SLEEPY HOLLOW, N.Y. Sleepy Hollow officials have taken the first steps to make cleaning up pollution at the former Duracell battery plant slightly easier so crews can get to work faster.
Trustees approved a flat fee for all work permit and tree removal applications on properties that will undergo remediation. They also allowed contractor AECOM to set up a fund for expedited permit inspections.
Testing shows that about 75 properties in Sleepy Hollow must have mercury-laden soil removed and replaced because of pollution from the battery plant, which sat near the Hudson River and former General Motors plant. Gillette hired AECOM to complete the remediation, which is not mandatory for property owners.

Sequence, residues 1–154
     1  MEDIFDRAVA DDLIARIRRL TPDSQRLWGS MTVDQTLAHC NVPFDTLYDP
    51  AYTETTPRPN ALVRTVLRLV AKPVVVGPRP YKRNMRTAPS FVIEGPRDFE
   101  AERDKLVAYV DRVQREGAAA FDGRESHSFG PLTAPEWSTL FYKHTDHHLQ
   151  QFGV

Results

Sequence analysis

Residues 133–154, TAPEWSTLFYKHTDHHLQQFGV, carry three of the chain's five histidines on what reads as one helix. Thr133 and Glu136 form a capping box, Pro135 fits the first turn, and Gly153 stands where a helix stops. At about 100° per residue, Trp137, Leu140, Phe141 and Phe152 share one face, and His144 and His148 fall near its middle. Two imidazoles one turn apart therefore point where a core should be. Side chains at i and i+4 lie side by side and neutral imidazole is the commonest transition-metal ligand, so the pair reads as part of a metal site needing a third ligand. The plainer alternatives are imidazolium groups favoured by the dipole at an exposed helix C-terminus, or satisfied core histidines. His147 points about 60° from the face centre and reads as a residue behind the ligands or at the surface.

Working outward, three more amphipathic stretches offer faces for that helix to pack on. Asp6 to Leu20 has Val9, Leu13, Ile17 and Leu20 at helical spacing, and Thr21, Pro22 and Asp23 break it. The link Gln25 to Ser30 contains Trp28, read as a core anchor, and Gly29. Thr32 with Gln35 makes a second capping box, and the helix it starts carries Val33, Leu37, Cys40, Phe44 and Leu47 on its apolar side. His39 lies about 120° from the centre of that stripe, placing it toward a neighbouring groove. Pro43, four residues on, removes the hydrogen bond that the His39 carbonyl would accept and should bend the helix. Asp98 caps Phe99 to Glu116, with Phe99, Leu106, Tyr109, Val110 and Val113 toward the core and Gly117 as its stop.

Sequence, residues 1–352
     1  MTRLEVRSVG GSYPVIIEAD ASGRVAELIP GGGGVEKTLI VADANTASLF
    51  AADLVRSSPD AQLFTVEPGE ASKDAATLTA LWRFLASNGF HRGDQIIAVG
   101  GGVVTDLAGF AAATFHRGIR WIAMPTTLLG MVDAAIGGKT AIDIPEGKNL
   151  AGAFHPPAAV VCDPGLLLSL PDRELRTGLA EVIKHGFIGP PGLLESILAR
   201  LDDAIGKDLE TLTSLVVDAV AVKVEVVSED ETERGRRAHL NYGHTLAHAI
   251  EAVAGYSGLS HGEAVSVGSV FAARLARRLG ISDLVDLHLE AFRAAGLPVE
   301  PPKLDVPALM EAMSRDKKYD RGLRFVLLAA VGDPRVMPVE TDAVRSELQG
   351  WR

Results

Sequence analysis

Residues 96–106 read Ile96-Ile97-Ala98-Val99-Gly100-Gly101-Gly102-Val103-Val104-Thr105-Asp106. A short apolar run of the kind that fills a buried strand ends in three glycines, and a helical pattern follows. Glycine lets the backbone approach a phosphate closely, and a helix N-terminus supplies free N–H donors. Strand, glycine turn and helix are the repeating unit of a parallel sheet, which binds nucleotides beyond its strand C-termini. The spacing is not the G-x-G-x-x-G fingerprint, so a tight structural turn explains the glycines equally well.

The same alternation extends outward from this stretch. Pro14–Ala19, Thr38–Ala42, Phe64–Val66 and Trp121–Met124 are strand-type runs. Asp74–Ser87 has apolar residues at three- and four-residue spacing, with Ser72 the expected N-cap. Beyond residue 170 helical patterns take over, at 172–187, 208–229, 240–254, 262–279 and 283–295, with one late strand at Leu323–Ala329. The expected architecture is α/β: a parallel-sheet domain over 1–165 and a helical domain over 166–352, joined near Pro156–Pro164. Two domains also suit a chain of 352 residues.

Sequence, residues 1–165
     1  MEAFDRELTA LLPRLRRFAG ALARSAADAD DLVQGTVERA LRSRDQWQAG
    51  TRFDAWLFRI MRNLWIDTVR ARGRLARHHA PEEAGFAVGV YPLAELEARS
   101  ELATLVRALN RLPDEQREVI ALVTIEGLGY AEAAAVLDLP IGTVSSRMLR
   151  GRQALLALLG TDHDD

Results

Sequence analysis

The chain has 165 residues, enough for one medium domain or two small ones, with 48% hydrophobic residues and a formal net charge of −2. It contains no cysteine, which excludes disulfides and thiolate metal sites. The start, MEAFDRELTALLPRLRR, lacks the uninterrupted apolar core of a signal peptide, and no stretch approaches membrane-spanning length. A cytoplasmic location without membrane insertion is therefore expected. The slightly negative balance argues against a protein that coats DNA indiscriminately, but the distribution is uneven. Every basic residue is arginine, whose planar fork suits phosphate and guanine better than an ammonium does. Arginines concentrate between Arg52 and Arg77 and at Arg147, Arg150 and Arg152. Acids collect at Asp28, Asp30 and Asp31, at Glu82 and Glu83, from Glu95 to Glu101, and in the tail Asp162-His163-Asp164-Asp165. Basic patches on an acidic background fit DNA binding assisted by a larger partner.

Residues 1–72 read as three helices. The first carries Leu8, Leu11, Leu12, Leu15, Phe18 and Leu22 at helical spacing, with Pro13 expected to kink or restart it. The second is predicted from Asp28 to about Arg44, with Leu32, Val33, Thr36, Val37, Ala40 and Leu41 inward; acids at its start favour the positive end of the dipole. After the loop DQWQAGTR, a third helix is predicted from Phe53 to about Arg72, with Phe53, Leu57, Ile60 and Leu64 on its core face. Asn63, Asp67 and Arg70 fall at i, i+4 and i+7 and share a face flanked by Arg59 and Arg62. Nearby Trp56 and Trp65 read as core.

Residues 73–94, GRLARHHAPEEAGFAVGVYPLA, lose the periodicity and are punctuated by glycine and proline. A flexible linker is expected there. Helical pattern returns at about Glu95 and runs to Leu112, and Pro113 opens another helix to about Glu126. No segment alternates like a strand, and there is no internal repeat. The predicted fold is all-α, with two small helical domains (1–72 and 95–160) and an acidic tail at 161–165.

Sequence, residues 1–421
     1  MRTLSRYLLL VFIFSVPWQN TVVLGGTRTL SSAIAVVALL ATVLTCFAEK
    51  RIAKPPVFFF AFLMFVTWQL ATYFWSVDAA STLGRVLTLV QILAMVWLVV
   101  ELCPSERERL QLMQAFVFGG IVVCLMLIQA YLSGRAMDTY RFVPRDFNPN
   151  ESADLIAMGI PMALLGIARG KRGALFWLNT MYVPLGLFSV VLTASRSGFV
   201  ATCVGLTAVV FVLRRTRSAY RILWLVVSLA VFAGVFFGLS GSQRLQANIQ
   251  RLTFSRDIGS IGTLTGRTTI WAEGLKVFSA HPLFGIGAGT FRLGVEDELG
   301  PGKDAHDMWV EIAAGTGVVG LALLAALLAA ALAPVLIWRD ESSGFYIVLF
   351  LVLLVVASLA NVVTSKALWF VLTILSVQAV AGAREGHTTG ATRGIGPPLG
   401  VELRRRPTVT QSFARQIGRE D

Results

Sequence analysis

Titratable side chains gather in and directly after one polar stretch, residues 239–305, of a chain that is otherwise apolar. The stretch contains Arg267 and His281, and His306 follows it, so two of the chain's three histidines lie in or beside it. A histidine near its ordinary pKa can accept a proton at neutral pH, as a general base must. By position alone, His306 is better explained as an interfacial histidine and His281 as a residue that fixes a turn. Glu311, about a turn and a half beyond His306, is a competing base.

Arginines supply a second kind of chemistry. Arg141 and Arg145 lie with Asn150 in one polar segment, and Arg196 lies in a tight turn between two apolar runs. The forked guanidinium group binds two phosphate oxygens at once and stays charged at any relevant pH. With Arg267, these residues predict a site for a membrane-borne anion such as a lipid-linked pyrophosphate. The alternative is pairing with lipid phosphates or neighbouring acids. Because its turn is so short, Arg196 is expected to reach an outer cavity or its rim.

The cleanup efforts will begin on the block adjacent to the former battery plant site, bounded by Andrews Lane, Elm Street, Kendal Avenue and Beekman Avenue, and spread from there.
The flat fee means AECOM will pay $450 for each property that needs to be cleaned up instead of paying a building permit fee, a tree removal fee and a certificate of occupancy fee. AECOM can also put $2,500 in a village escrow account to be used for expedited inspections, village officials said.
AECOM will be able to submit property plans for each site remediation and restoration to streamline the process and make it faster.
New York Department of Environmental Conservation Spokesperson Lisa King said the cleanup process will involve several steps: gathering necessary permits, establishing erosion and dust suppression controls, setting up temporary fences and barriers, relocating site features, removing soil with excess mercury levels and, finally, restoring the site, including landscaping.
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